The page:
|A monthly operating report shows the Menominee Nation Arena owner increased its cash holdings in October.|
By Miles Maguire
The owner of the Menominee Nation Arena is moving to hire a second financial adviser to help it raise capital so that it can restructure its debts.
Attorneys for Fox Valley Pro Basketball Inc. have asked U.S. Bankruptcy Judge Brett H. Ludwig to approve the hiring of Young America Capital, of Mamaroneck, New York, as a financing broker.
YAC’s assignment would be to seek out private investors “for some or all of [Fox Valley’s] assets or securities.” The company would be paid $7,500 a month for four months, sums that would be credited against transaction fees that it could earn for finding stock or debt investors.
“If YAC is successful, the debtor will be able to provide more favorable terms to creditors in a plan of reorganization, which is in the best interest of the debtor and the creditors of the bankruptcy estate,” Evan P. Schmit, one of Fox Valley’s lawyers, said in a Nov. 20 filing.
YAC is an investment banker that focuses on new and midsized companies, particularly by promoting nontraditional assets. One of its areas of expertise is the legal cannabis business, according to its website.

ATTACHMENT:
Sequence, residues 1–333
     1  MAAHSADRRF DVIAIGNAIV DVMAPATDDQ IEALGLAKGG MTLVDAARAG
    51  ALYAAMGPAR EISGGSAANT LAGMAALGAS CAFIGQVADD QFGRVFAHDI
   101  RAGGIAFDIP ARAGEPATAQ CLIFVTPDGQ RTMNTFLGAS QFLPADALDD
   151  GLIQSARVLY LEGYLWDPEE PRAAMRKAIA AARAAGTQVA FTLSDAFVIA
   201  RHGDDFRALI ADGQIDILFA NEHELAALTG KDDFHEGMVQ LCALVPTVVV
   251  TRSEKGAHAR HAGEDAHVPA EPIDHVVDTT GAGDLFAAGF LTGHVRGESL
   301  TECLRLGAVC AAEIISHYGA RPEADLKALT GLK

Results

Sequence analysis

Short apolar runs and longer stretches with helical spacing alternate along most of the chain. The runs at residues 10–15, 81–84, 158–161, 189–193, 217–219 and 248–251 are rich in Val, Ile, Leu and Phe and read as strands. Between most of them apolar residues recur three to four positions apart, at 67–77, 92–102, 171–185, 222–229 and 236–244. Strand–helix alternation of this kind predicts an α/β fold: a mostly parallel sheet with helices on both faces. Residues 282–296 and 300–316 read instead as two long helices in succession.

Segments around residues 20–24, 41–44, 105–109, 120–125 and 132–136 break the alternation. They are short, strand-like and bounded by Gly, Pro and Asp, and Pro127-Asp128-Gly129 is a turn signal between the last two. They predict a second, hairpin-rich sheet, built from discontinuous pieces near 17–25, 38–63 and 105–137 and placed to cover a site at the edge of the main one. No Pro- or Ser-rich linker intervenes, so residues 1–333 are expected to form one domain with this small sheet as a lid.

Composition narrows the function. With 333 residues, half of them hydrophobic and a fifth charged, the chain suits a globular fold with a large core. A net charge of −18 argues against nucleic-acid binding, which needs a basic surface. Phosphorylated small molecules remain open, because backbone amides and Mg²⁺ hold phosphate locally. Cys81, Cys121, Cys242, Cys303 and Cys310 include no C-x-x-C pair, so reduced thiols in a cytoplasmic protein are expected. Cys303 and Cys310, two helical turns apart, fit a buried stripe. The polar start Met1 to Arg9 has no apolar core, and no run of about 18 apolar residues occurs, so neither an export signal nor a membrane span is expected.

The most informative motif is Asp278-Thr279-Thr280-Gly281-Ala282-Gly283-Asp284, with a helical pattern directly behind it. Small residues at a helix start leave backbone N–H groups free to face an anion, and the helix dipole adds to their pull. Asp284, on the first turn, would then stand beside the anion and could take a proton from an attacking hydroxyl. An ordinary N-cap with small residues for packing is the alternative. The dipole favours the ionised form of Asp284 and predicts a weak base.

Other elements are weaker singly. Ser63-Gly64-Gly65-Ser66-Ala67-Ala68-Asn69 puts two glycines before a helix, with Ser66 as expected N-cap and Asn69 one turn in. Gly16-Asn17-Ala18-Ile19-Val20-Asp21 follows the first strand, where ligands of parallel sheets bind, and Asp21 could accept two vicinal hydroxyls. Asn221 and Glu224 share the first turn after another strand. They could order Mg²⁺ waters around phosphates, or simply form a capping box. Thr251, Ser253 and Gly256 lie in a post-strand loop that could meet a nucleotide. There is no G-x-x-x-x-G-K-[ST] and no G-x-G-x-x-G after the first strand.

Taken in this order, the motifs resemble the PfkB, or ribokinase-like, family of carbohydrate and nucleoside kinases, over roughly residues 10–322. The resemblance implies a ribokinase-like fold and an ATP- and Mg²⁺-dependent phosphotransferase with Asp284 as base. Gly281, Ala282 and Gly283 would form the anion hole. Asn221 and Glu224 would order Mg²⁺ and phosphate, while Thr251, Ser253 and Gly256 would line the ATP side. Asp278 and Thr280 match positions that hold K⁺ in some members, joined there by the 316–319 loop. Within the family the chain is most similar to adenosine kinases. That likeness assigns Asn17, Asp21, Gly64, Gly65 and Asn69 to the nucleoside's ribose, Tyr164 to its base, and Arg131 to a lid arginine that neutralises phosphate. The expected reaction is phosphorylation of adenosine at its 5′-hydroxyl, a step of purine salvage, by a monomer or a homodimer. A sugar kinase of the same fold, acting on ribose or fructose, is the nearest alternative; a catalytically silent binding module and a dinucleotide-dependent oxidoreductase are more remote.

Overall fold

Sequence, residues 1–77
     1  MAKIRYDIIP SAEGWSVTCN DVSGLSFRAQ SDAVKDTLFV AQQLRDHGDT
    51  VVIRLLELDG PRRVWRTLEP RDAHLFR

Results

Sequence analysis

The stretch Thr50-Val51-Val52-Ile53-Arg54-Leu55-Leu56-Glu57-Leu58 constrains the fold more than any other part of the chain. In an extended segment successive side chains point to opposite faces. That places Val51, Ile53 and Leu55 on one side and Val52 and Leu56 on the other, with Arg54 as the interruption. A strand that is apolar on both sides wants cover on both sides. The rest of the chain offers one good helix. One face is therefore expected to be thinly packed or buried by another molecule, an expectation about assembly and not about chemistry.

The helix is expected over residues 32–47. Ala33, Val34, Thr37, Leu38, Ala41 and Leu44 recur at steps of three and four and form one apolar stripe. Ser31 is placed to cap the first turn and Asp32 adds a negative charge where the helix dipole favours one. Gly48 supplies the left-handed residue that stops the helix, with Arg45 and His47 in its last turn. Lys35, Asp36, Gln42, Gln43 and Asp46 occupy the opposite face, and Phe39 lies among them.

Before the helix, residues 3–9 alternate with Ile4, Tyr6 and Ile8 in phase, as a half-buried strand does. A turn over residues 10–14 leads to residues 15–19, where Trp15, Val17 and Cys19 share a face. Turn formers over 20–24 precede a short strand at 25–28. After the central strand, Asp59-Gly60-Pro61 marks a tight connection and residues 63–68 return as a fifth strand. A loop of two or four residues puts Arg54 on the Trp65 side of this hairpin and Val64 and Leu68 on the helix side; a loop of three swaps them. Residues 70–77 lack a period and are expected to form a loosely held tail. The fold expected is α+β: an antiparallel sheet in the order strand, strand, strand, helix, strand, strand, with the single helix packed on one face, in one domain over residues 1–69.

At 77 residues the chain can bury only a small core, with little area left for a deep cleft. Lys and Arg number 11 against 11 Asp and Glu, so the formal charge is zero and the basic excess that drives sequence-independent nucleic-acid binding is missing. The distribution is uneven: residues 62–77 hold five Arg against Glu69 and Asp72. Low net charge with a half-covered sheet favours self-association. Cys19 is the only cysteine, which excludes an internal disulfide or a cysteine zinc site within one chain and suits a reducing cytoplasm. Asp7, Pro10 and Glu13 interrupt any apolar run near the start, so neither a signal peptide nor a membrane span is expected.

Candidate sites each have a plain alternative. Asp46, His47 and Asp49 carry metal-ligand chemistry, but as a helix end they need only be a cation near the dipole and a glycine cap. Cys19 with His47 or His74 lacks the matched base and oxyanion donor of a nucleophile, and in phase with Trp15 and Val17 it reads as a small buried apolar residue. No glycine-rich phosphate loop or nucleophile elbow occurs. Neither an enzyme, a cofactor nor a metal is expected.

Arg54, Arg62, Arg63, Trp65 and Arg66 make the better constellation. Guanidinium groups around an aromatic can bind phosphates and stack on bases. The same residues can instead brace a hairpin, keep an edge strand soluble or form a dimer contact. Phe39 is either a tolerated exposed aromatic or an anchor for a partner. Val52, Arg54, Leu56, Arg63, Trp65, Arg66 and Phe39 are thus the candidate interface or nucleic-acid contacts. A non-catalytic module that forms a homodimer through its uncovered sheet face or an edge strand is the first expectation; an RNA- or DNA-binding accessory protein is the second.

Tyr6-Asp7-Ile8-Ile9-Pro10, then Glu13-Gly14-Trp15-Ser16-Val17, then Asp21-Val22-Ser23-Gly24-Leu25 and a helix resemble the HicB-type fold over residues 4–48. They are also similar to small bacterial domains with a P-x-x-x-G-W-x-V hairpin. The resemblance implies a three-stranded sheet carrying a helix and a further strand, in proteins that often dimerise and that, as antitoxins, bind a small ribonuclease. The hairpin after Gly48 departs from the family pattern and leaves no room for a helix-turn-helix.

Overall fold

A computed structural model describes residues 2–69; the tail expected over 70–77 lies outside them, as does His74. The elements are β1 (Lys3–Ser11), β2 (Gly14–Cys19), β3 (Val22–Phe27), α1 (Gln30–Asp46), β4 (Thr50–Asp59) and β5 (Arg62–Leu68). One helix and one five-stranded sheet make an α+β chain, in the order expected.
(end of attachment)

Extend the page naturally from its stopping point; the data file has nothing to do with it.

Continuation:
In addition to finding lenders, YAC may also engage in other activities, such as looking for new customers who could generate revenues for the arena or even looking for a buyer of the property. In fact the possibility of an outright sale is mentioned several times in a letter of agreement from YAC to Greg Pierce, CEO of Fox Valley.
“In the event of a sale transaction, purchase price shall include the fair market value of all gross consideration paid to the company, its employees, directors and shareholders, and includes any debt assumed in connection with a transaction,” the letter states.
But Schmit downplayed the likelihood of a sale of the arena, saying that YAC’s main focus is to bring in major investments that would allow Fox Valley’s largest creditors to be paid off.
The arena owner has already received the go-ahead to hire a different financing broker to try to monetize the future stream of tax incentive payments that are due from the city.
“YAC can bring in a bigger, more comprehensive package that would be more beneficial to creditors,” Schmit said in an interview.
In a separate filing, Fox Valley provided a financial report on operations for October, showing a net loss of $200,000.
“If you look at it, I think it’s positive,” Schmit said. “The debtor received some sponsorship payments and event sales [revenue].”
Despite the loss the arena’s cash balance rose by about $200,000 during October.
“In general I would expect November to be even better based on the start of the Herd season,” Schmit said.